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PART 1: Pushing Mo to his Personal Best for AvMA

View profile for Robert Dempsey
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After weeks of “training” for the London half marathon the weekend of the race finally arrived.

The Friday before was not ideal preparation. A routine dental check- up resulted in 3 mouth numbing injections and a filling. It dawned on me I should have asked sooner if this was something I should leave until after the run, but by the time I asked, the injections had kicked in and I just dribbled something about how I was “thuppothed to be rubbing a half marathon”. The dentist did the drilling, handed me a tissue and ushered me out the door as quickly as possible.

By the Saturday when I arrived in London the discomfort was reduced to a tingling sensation so no real concerns there. Then I twisted my ankle. In the National Science Museum to be precise. Somewhere between a giant Periodic Table and a huge display of clocks to be even more precise. Nothing too serious, but I was still aware of it when I arrived at the hotel where I would be staying the night before the run. It was a convenient location which explained the volume of competitors staying there. They were congregating around the lobby, resplendent in matching leisure wear and comparing notes on training schedules, nutritional programmes and power shakes. My ankle suddenly started to hurt a bit more.

"As I supped on my own power shake (black and creamy and from across the Irish Sea) I secretly hoped the event would be cancelled due to high winds."

Before settling down for a good night’s sleep, I left the hotel to go on a brief recce to be sure of the race starting point. None of the other runners in the hotel seemed to think this was necessary. They’d obviously done this before. Unfortunately the weather was diabolical with the tail end of Storm Freya crossing with the beginning of Storm Gareth, such innocuous names at odds with the damage wreaked over the weekend. One sounding like a calming au pair and the other a friendly hairdresser. I knew this wouldn’t have abated by the day of the race, and as I supped on my own power shake (black and creamy and from across the Irish Sea) I secretly hoped the event would be cancelled due to high winds.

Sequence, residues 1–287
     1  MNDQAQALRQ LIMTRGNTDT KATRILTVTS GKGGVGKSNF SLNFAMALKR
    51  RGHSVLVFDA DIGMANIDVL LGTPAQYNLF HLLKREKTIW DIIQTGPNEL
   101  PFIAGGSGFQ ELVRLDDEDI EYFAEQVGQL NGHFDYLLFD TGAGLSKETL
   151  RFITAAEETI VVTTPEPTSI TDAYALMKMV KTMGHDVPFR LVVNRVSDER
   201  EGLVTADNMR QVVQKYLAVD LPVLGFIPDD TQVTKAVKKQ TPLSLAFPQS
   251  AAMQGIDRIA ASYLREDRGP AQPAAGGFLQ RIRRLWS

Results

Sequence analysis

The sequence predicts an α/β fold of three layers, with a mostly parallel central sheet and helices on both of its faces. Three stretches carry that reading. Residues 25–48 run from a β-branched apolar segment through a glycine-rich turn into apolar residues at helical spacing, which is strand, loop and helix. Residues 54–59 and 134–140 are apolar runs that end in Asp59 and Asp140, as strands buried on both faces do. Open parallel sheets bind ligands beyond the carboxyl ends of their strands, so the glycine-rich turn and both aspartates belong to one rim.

On the morning of the race I received an e-mail from the race organisers. Perhaps the event had been cancelled?  I opened it like a kid hoping to find out the school boiler had packed up in the cold weather and I could stay at home. Alas not. The race was going ahead save that some of the after events wouldn’t be. I hadn’t given the “after events” much thought. I wasn’t convinced I would make it to the “after”.

After my pre-run porridge (something I couldn’t have said on the Friday before) I embarked upon the undignified procedure of applying plasters and Vaseline as preparation and set off for the starting line where, as  part of the event, the organisers were blasting out inspirational running music from giant speakers as voted for by the contestants. (I must have missed that e-mail, “Heaven Knows I’m Miserable Now “would have felt fitting but may have soured the mood).

The music thing was clearly well intentioned, especially as there was a lot of hanging around, but any possibility it would help recreate some scene from a  Hollywood sports’ film (chubby Manc lad overcomes adversity to defeat Olympic legend) was scuppered by the queues and queues of people waiting in line for the grotty Portaloos.

Whilst waiting I got chatting to a Chelsea Pensioner who said he wasn’t taking part in the race. This was a shame.  I’m sure I could have beaten him. He did however offer to “take good care of my lady wife” by which I assumed he meant he would keep her company as I ran.  On reflection this sounded a bit more sinister than I first thought but I’m sure it was well intentioned. I never took him up on the offer and didn’t tell my wife until later.

By the time I reached the front of the line, the speaker directly outside the Portaloo I was occupying, started to blast out “Eye of the Tiger” from Rocky. This resulted in the most inspirational toilet visit I have ever encountered. I’m not sure anyone has ever emptied their bowels in such awe-inspiring circumstances.

We were soon approaching the 10 minute countdown before the race. I looked around and realised I was surrounded by athletic types who were comfortable wearing lycra and inexplicably, stockings on their arms. I was wearing a t-shirt I had bought off the market and the over garment I had fashioned from a black bin bag to keep out the cold, (shout out to South Holland District Council) was filling out and becoming inflated by Freya, Gareth, or a combination of the two.  My ankle started hurting again.

We'll follow up with part 2 next week, keep checking our twitter @Roythornes for updates.

A massive thank you to all those who donated, with your help I raised £600 for AvMA!